FOR IMMEDIATE RELEASE
Stephen M. Monroe, Partner
Sanford B. Steever, Editor
NORWALK, CT – March 26, 2009 – Merger and acquisition activity in the health care industry’s service sectors moderated in 2008 after two record-setting years. A total of 468 deals were announced in nine sectors of the health care services industry, down 4% from the 489 deals announced in 2007. Although the drop in deal volume was negligible, the dollar value of those deals plunged by 68% from $56.8 billion in 2007 to $18.2 billion in 2008. “While dealmakers in the M&A market for health care services showed the will to pursue mergers and takeovers, the relative lack of capital inhibited both the size and the number of deals they could undertake. As a result, the 2008 M&A market was characterized by an absence of mega-deals, but a robust middle market,” commented Sandy Steever, editor of The Health Care Acquisition Report, Fifteenth Edition. “The availability of capital, including the bond market, fell while the cost of capital rose, which constrained buyers to focus on only those deals deemed necessary and strategic. This in turn prompted buyers to find creative ways to finance and execute their transactions,” continued Mr. Steever.
The hospital acquisition market mirrored the general market trend from the mega-deals of years past into the middle market in 2008. Sixty transactions were announced in 2008 involving 78 hospitals with 5,280 beds for a combined total of $2.5 billion. This represents a decrease from the $8.8 billion that was spent in 2007 to acquire 149 hospitals with 22,440 beds in 58 deals. Interestingly, hospital pricing in 2008 rose from their 2007 levels, with average and median price-to-revenue multiples of 0.84 and 0.70, respectively. The average and median values reached their second- and third-highest levels, respectively, in the period 2004–2008. Stephen M. Monroe, a partner at Irving Levin Associates, commented: “Bigger is not always better. Though smaller in size, the hospital deals in 2008 tended to target facilities that were of higher quality and had greater financial stability than many of the properties targeted by the mega-deals in 2004–2006.”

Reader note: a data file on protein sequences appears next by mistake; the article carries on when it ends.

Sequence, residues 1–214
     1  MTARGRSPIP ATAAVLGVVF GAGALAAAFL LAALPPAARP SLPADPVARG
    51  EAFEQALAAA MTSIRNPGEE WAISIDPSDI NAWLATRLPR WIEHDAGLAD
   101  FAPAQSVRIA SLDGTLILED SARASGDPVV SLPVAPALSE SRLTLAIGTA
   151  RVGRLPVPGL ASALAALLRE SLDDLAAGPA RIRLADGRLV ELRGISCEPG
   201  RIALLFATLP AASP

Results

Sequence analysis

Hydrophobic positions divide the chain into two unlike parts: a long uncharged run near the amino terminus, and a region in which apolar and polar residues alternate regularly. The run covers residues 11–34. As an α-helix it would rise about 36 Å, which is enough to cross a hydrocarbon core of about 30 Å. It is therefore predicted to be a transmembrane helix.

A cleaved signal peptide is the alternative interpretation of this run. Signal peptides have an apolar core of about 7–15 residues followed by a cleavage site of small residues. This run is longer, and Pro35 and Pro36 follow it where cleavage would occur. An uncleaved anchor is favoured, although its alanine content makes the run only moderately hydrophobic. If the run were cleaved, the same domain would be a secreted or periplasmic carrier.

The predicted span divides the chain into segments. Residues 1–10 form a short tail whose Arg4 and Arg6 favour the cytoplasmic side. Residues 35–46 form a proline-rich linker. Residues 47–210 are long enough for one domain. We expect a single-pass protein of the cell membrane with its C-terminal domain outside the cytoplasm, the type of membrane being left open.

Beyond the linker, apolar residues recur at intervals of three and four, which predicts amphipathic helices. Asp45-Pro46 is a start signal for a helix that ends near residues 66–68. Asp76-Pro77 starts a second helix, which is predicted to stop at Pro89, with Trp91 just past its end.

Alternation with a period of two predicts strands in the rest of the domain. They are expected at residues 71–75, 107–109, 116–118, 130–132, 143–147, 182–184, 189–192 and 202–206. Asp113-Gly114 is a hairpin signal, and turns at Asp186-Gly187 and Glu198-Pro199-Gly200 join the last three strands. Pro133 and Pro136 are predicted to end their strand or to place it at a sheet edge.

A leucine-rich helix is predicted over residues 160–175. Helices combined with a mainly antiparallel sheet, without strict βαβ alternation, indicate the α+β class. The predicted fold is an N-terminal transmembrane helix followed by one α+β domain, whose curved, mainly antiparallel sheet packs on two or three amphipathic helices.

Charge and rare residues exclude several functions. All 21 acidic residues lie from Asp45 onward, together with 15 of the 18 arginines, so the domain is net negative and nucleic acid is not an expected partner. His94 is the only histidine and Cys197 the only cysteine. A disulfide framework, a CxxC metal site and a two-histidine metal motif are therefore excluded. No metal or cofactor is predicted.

In other highlights, M&A activity in the managed care sector fell to its lowest level in five years over concerns about the recession, a new administration’s emerging health care policy and the continued ability of managed care organizations to hold costs down year after year. By contrast, activity in the physician medical group and rehabilitation sectors rose to their highest levels in the five years from 2004 to 2008. Much of this deal making involved larger organizations consolidating fragmented local markets to strengthen their provider networks. Mr. Monroe noted, “Even without the cheap and ready capital to undertake deals at will, the underlying reasons for pursuing mergers, acquisitions and takeovers remain in place.” Mr. Steever added, “Companies still want to capture increased market share, achieve improved economies of scale and consolidate fragmented industries, to name but a few goals. They will continue to be motivated by such concerns, and they will increase their level of M&A activity as the capital markets improve.”
The Health Care Acquisition Report, Fifteenth Edition, contains more than 200 pages of hard-to-find information on all publicly announced hospital, managed care, laboratory services, physician medical group, behavioral health, rehabilitation and other services mergers and acquisitions in 2008. Two other services sectors, long-term care and home health, are treated separately in The Senior Care Acquisition Report, Fourteenth Edition. Irving Levin Associates, Inc. is a Norwalk, Connecticut-based research and publishing firm specializing in health care investments. The firm has more than 50 years experience in the health care and seniors housing acquisition market. The Health Care Acquisition Report, Fifteenth Edition, may be purchased for $595 by calling 800-248-1668 or clicking here.
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